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Executive Presence: Critical to Your Success

Why Executive Presence is Critical to Your Success

How do you show up as a leader? How well do you connect with groups or individuals? How do other people perceive you?

Often, the answers to those questions are tied to your executive presence.

We may know that piece of information intuitively, but some recent research backs up this notion.

In a recent coaching study of large organizations, over half the organizations selected executive presence as a primary coaching need for leaders. It came in 2nd behind leadership development as a reason organizations hire coaches for their managers and directors.  According to the survey, 57% of organizations that hire coaches, and nearly 40% of coaches identify presence as “one of two top purposes for their coaching.”  (Baldoni, 2015; Asmus, 2013)

In addition, in the Harvard Business Review report, “The Sponsor Effect,” 52% of men and 45% of women surveyed said they believed "looking and acting like a C-suite executive" rather than qualifications contributed to promotions to senior management positions (van Paassen, 2013).

In another study of 268 senior executives, "executive presence" counts for 26% of what individuals need to get promoted into leadership positions (Goudreau, 2012).

These numbers stress the importance of executive presence to an individual leader or potential leader. This need extends to their businesses, their organizations and their employees.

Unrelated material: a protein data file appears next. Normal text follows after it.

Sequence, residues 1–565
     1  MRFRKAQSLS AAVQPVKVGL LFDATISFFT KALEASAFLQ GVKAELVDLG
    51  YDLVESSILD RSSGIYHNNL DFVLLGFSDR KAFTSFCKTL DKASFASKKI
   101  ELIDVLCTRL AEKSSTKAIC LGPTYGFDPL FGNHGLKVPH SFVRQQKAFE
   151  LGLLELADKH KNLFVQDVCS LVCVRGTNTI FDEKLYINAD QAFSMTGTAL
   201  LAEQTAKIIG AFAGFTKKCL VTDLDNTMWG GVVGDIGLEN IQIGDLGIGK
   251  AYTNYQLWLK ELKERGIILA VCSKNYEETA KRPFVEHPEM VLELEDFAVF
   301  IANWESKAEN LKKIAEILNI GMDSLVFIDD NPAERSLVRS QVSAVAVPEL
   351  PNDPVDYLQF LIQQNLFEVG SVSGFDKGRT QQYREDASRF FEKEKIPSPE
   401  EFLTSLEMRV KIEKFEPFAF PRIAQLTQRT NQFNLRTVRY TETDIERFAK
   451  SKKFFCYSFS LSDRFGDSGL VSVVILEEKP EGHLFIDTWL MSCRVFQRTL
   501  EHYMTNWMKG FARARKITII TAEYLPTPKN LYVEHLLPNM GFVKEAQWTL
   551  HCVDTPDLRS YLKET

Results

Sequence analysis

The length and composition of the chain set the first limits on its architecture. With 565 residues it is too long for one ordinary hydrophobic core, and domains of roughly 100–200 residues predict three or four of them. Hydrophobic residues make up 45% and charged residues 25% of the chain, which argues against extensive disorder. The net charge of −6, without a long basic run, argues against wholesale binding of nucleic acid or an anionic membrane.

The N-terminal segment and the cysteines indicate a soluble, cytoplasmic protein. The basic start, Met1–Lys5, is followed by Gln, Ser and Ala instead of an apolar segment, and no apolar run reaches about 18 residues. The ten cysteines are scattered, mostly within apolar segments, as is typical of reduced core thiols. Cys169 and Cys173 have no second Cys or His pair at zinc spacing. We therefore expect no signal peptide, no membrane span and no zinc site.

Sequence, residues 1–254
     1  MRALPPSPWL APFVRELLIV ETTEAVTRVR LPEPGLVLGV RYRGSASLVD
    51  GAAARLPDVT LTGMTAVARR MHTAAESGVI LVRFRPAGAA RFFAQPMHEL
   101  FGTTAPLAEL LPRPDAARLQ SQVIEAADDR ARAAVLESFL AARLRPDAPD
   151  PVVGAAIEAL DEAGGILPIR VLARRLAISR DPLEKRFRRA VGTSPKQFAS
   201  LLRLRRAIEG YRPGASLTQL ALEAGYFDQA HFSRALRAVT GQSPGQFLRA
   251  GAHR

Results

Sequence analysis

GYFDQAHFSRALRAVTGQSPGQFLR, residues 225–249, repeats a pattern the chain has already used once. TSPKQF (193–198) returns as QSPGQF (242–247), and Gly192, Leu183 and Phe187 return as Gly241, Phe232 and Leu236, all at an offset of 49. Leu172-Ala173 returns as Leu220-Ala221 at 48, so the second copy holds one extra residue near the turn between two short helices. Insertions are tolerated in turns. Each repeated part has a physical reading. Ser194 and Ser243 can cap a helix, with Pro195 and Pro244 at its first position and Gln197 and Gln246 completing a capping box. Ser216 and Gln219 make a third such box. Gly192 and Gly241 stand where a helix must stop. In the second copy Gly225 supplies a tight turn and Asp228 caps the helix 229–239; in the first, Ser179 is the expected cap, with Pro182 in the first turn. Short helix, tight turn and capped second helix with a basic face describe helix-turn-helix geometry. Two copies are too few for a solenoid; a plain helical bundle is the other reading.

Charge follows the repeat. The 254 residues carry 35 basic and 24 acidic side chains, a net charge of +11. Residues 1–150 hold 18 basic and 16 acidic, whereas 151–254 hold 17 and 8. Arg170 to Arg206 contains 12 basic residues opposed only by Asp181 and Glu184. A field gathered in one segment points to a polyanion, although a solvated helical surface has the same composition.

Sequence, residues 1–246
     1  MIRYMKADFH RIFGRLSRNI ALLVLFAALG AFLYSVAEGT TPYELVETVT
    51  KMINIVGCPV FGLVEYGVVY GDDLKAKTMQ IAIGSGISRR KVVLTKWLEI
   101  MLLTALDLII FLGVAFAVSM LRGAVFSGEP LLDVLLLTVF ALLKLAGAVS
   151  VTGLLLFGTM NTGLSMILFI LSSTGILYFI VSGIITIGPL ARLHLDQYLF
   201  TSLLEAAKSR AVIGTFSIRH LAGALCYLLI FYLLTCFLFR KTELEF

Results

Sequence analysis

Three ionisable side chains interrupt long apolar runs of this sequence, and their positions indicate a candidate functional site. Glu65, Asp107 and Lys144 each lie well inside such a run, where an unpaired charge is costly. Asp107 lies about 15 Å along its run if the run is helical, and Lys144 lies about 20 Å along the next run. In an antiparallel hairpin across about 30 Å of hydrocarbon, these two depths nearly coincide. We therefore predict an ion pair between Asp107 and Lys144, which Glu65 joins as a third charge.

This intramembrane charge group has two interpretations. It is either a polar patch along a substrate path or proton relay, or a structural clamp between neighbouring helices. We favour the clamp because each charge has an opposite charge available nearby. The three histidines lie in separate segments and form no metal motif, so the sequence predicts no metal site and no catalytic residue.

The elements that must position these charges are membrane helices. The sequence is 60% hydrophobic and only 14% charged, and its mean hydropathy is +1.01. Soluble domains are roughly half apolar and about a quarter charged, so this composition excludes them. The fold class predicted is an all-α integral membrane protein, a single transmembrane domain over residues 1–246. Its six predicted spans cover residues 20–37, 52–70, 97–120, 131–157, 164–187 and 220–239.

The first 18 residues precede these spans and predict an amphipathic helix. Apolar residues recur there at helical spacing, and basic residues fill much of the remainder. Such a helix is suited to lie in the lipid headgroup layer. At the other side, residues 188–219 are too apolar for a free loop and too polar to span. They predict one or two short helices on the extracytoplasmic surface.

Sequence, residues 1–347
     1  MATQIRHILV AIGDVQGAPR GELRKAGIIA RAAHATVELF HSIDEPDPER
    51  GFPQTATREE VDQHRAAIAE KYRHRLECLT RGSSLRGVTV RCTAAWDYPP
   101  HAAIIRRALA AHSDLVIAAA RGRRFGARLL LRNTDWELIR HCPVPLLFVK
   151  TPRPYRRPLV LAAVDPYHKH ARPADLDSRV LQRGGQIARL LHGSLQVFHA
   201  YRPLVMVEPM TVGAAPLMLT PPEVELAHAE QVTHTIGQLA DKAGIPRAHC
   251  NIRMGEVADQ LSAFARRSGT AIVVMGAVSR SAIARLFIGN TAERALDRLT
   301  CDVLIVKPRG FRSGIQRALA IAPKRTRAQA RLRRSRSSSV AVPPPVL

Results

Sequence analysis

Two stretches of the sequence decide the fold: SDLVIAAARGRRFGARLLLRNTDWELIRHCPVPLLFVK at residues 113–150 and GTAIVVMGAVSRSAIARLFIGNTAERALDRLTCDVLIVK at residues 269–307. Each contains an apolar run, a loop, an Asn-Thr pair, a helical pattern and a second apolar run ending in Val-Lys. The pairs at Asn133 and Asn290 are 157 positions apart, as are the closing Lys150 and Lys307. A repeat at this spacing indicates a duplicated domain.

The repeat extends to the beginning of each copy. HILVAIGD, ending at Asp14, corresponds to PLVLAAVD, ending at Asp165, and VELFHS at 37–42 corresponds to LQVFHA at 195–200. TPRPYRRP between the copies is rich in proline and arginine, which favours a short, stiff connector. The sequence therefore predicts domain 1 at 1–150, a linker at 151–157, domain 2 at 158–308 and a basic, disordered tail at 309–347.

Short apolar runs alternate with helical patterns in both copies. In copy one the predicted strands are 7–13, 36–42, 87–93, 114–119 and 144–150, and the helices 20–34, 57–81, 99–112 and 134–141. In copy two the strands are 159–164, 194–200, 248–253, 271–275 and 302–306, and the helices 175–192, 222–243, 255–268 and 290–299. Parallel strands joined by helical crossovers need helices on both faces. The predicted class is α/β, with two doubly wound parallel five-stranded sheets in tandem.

In Primal Leadership: Realizing the Power of Emotional Intelligence,  Daniel Goleman states that "roughly 50-70% of how employees perceive their organization's climate is attributable to the actions and behaviors of their leader. A leader creates the environment that determines people's moods at the office and their mood, in turn, affects their productivity and level of engagement.”

We have looked at some of the compelling research about why executive presence is important. Now, let's look at how it all works.

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How Executive Presence Affects Others

Leadership and acceptance of authority are not only a function our title or how we dress. They depend on who we are, how we show up, and how we are able to connect with other people.

At the heart of winning people over is integrity and doing what you say you will do. However, trust and winning people over depend almost entirely on other people’s emotions.  Your body, your own emotions and your language affect the level of trust and how other react to you.